Creating a Press Release Feels Like I am Bragging. Shouldn't I Avoid Being That Kind of Attorney?

Effective law firm marketing can include self-promotion.

Here, you have two choices. You can continue to hold onto your dignity and refuse to issue a press release whenever you've scored a “win” on behalf of your clients. Or you can hold your nose, get in front of your computer, and start drafting releases that will make you—and not your competitors—the “go-to” expert when local reporters need a quote for a newspaper article.

Does marketing feel a little too much like bragging? Learn why it is important to be your own biggest fan.The bottom line is that your competitors’ public relations strategy is working. Sure, they may be puffing themselves up, and overstating their accomplishments, and indulging in bouts of self-aggrandization, but they're also getting some very valuable coverage. Every time one of these lawyer's names appears in a news story, that amounts to free advertising—and also an implied endorsement by the newspaper because the average reader will think, “Gee, they wouldn't quote that guy if he didn't know what he's talking about.” The result is that this lawyer will get more inquiries from prospective clients, and your phone will be silent.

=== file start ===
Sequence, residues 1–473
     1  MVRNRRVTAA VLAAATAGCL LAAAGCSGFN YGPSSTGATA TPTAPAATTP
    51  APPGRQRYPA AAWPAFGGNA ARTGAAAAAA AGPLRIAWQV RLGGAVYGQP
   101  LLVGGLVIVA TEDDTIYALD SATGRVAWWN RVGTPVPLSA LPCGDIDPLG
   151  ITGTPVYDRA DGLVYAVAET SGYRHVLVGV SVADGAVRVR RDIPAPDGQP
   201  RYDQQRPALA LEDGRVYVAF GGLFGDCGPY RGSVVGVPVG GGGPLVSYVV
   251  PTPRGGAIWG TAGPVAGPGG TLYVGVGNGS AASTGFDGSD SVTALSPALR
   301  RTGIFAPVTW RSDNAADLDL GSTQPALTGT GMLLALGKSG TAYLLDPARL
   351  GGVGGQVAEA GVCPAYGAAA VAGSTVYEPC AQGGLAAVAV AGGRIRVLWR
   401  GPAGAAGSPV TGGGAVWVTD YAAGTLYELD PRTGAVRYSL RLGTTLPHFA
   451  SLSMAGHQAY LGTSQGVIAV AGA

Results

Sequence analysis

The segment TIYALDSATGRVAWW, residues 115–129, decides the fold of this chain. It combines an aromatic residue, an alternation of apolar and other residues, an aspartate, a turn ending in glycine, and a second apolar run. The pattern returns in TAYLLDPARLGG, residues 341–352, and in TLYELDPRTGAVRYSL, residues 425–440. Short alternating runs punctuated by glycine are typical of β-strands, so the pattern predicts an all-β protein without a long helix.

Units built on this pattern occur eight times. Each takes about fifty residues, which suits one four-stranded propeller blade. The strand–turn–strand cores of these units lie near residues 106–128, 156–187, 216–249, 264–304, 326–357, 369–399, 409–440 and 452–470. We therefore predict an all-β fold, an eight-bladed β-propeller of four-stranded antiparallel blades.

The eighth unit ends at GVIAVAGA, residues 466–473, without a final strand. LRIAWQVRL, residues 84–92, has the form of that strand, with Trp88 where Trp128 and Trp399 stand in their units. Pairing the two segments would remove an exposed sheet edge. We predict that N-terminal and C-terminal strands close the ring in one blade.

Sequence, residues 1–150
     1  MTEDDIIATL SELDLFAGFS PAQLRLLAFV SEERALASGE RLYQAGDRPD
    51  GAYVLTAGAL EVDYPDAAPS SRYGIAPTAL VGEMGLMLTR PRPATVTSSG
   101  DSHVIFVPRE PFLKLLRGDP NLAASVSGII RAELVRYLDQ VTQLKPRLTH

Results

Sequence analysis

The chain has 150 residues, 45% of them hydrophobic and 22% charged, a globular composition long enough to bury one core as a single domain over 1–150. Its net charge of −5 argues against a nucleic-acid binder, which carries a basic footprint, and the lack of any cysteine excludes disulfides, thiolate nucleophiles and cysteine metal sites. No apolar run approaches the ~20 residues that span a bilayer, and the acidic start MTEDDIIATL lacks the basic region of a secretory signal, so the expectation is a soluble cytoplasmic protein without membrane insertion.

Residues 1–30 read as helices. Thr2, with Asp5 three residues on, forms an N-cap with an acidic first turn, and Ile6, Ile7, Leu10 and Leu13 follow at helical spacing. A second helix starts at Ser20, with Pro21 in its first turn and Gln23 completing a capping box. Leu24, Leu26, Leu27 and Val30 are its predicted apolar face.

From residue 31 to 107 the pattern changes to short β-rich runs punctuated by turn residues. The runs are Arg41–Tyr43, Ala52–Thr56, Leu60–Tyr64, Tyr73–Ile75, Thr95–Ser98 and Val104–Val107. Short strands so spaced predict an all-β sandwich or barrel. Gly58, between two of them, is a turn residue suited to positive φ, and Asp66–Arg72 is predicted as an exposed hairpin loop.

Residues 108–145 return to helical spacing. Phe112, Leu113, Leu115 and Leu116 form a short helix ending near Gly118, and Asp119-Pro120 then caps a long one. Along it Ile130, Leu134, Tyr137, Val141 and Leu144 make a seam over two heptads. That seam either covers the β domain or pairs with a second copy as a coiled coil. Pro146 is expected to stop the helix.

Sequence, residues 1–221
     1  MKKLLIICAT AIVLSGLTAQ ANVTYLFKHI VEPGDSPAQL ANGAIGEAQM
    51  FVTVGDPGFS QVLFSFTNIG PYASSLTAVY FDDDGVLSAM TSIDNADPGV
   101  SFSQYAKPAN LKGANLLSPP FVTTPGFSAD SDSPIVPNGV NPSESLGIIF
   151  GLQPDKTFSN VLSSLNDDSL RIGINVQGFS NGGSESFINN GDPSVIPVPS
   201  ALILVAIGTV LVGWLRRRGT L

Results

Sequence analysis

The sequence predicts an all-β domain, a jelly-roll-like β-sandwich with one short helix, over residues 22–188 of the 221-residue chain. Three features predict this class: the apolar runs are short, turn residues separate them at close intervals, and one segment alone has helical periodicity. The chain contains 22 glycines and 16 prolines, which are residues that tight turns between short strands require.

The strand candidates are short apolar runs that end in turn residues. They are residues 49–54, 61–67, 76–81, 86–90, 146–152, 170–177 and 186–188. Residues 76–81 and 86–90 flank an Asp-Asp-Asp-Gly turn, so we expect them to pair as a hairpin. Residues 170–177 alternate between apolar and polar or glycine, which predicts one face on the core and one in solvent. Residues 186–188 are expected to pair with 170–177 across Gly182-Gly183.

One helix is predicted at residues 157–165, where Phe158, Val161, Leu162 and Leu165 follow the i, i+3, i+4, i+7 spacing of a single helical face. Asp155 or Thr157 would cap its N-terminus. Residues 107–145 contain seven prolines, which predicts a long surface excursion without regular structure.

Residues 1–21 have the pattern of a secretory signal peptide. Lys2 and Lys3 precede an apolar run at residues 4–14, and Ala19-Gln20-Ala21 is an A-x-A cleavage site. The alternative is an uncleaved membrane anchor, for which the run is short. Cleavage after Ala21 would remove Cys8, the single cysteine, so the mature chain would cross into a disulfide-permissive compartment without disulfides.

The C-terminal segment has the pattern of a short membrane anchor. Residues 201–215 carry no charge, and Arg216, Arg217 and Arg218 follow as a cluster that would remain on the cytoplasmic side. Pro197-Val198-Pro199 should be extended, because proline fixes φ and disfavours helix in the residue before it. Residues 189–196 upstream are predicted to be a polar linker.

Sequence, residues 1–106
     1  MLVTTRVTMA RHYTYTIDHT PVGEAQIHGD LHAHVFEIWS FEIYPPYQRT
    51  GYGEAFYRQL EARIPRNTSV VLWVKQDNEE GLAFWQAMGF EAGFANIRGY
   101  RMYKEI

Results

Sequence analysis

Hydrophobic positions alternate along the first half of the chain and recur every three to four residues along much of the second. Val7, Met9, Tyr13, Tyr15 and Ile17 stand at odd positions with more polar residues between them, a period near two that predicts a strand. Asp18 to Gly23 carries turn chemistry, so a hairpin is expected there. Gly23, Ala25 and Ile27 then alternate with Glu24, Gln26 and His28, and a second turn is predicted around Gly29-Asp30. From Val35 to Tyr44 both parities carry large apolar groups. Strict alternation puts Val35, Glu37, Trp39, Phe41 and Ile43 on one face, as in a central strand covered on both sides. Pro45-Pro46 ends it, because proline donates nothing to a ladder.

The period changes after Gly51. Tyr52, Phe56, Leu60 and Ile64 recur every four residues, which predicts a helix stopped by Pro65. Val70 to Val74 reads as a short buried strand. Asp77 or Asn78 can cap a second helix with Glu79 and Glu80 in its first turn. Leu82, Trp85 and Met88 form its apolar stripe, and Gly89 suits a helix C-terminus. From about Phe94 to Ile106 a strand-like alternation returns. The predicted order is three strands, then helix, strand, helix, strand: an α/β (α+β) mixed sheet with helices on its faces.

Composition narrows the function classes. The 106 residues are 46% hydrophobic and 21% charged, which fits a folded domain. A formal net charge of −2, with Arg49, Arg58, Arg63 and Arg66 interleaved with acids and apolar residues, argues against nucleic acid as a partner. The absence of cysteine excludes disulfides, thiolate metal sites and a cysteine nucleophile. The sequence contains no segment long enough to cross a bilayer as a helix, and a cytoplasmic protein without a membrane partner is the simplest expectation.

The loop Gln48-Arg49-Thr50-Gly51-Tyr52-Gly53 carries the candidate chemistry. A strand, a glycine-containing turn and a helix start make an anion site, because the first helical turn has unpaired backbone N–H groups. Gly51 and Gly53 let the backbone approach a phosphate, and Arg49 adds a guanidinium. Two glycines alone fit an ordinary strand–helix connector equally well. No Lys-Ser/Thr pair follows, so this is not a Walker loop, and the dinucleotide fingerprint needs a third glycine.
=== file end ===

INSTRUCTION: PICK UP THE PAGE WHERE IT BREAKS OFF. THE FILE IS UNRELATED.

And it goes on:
Multiply this trend by a few years, and you may be out of business entirely!

A well-crafted press release doesn't have to be dishonest, unethical, or exaggerated—just state the facts (you won X amount in this lawsuit, using this specific strategy, etc.) and let the chips fall where they may. In the worst case, your press release will be ignored or buried underneath a pile of other documents—but in the best case, a reporter will email you or call your number and wind up quoting you in his story.

Ben Glass
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Ben is a nationally recognized expert in attorney marketing and the owner of Great Legal Marketing.